Some of my other friends divorced because of other irreconcilable differences – alcoholism, substance abuse, physical/emotional/verbal abuse…  it was only having come to terms with the real issues that healing could begin post-divorce.  I admire these specific category of divorcees simply because they have not only had to deal with the tremendous pain that comes with a divorce, but because they have overcome things that many of us know nothing about.  I personally know what it is like to be in an abusive relationship.  I don’t think I would have survived had I married the man.

Others divorced because of financial issues.  When poverty comes in the front door, love flies out the back window… I have a friend whose husband divorced her after having to support her for six months after she had been retrenched.  She applied for various jobs (ranging from menial, minimum wage positions, to ones that she was indeed qualified for), but unfortunately she wasn’t successful.  She began a small crafting business from home, in an attempt to bring some money into the household, but it simply wasn’t good enough for her husband.  He came home one afternoon and apparently quite calmly told her that he’d had enough of her expecting him to support her and that he would be filing for divorce.  She was devastated.  Not because of the fact that she would be left virtually destitute, but because the man she loved had become a stranger to her.

Staying with the financial issue, another person I know divorced her husband for tax reasons, but they still live together, share expenses, tend to their kids.  They simply don’t share the same surname anymore.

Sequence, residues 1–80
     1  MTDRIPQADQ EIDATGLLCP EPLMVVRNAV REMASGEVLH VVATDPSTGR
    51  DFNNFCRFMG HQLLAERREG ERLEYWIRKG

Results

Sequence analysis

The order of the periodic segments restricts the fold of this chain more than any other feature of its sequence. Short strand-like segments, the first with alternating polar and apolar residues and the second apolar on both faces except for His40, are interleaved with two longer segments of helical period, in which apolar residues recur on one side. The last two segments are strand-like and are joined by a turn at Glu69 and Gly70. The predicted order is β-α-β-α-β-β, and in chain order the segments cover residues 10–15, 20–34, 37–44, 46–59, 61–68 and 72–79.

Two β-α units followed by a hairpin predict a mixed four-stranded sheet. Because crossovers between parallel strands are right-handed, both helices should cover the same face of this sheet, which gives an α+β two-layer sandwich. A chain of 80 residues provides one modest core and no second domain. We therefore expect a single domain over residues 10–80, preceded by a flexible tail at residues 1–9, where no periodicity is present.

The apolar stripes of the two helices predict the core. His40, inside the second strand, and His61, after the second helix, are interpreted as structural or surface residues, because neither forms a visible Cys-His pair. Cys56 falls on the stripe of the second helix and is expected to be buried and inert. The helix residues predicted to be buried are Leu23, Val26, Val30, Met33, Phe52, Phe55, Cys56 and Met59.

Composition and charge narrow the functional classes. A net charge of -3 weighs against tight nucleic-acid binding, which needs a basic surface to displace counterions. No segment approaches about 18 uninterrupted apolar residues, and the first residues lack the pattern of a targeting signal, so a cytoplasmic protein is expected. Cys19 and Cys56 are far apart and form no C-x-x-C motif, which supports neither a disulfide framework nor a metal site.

In both instances above, I hear a tiny voice in my head reciting the Bible verse that says, “The LOVE of money is the root of all evil.”  It is incredibly sad that the love of money has, in some cases, become more important than love itself.

Don’t get me wrong – the scenarios above are not judgements.  We’re all human…Anyone can be led into the temptation of adultery, succumb to the allure of the forget-about-life-for-a-while-fix that alcohol or drugs promise, become a victim of spousal abuse in whatever form or go into the office one morning only to be told that their services are no longer required.  It happens.  Nobody knows what the future holds.  If we did, life would be a lot less complicated.  In fact, it would be perfect.

However, with this said, I can’t help but feel that Justine’s friend is giving his/her potential spouse a raw deal.  Really.  Sure, money makes life easier, but marrying for it and the potential security if may offer is surely a recipe for disaster?  And besides that, there is no guarantee that the money is not going to be taken away…

In the words of The Beatles,

“I’ll buy you a diamond ring my friend if it makes you feel alright
I’ll get you anything my friend if it makes you feel alright
Cos I don’t care too much for money, and money can’t buy me love…”

But then again, in almost all the instances that led to divorce above, love simply didn’t seem to be enough…

Personally, I’d rather be dirt-poor, sharing a mouldy-crusted slice of bread with a man who loves and enriches me with his humanity than be monetarily rich (married or divorced).  Money can buy material things, but it can never buy heart.